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Color editing is an essential part of nearly every great photo.
Unfortunately, adjusting the colors in most post-processing programs is difficult – or downright impossible.
One impressive exception to this, however, is ACDSee Photo Studio Ultimate 2021, which offers two powerful tools for color editing:
And that’s what this article is all about. I’m going to show you how to use the Color Wheel and Tone Wheels to apply gorgeous color adjustments to your photos. You’ll discover how the Wheels work, what they can do, and how to get a professional look in your own images.
Let’s dive right in.
The Color and Tone Wheels come as part of Photo Studio Ultimate 2021, a recently updated, all-in-one photo editor that you can grab on ACDSee’s website for $8.90/month (you also have the option to purchase a lifetime license for $149.99).
While Photo Studio Ultimate 2021 offers a lot of upgrades over its predecessor (including some major speed improvements that you’ll want to see for yourself), one of the biggest features for amateur and professional photographers is the set of color editing tools: the Color Wheel and the Tone Wheels.
Here’s a quick peek at the Color Wheel:
And here is the Tone Wheels panel:
Together, these two tools can revolutionize your photo editing workflow.
And here’s why:
With the Color and Tone Wheels, you can make both broad and targeted adjustments to the colors in your images. You can shift, brighten, and saturate colors selectively, you can push colors into the shadows, highlights, and midtones separately, and so much more – all with a few easy-to-use wheels and sliders.
As someone who’s a bit color-obsessed, I’ve used quite a few color adjustment tools in many different post-processing programs. But I can honestly say that Photo Studio Ultimate’s version is one of the best implementations I’ve ever seen (if not the best). Yes, the wheels are amazingly powerful, and they should offer any amateur or professional all the color adjustment power they need. But they’re also just so fun and intuitive to work with, which is what’s really sold me on this program.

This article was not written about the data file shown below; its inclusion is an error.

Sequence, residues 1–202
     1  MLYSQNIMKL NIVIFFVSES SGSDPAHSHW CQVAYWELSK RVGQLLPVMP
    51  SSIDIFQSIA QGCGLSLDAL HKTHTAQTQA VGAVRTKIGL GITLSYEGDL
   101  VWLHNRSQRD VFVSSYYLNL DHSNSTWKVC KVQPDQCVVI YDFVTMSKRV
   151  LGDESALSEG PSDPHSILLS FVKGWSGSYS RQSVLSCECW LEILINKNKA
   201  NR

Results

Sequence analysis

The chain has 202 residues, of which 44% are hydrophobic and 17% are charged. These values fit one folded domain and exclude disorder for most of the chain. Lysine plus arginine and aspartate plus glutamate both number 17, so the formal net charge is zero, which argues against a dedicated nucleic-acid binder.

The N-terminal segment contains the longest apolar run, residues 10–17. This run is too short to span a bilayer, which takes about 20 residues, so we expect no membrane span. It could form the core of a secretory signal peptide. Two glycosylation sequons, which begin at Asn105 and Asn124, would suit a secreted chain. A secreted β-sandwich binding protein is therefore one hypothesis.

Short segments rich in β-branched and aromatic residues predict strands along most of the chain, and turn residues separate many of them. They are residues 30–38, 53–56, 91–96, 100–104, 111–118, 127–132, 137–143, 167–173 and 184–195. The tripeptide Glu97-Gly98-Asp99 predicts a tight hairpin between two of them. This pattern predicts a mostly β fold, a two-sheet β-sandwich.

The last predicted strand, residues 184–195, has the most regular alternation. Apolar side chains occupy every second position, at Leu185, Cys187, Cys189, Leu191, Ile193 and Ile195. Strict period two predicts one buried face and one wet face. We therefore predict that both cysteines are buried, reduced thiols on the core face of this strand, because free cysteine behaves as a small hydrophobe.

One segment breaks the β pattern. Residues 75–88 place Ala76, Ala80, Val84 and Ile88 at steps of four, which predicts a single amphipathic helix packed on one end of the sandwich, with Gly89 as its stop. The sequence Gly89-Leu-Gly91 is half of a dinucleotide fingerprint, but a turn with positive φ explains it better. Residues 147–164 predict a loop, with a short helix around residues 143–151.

Now let’s take a look at how you can actually use the Color and Tone Wheels for great results (and if you’re feeling intimidated, don’t be – I’ll give you simple, easy-to-follow instructions!).
You’ll find the Color Wheel in Photo Studio Ultimate 2021’s Develop mode, which you can select in the top-right corner of the screen:
Then open the Color Wheel panel on the left-hand side, and you’ll see a color wheel with a series of sliders below it:
Here’s what you need to know:
The color wheel itself lets you select the colors you’re targeting in the photo.
And the sliders below it allow you to adjust the targeted colors.
So once you have your Color Wheel panel open, here’s what I recommend you do:
Selecting the colors you’d like to adjust pretty easy, and there are a couple of methods you can use.
First, you can simply hover your cursor over different parts of your photo, and watch as it turns into a dropper icon:
Then, by clicking once on the photo, you’ll select that color for adjustment.
So if you click on a pinkish-purple part of your photo, you’ll select all the pink-purple colors:
And if you click on a yellow part of your photo, you’ll select all the yellow colors:
Now, as soon as you click on a part of your photo, you’ll see the color wheel change. This is to show you the color range you’ve selected.
You can also use the display on the color wheel to either select colors (instead of the eyedropper), or to refine your color selection.
To select colors, just click on the relevant part of the wheel:
And to fine-tune the color selection, just narrow the range of colors on the color wheel – by dragging the edges of the selection inward or outward. That way, the adjustments you make via the sliders will affect a narrower or broader range of colors in your photo.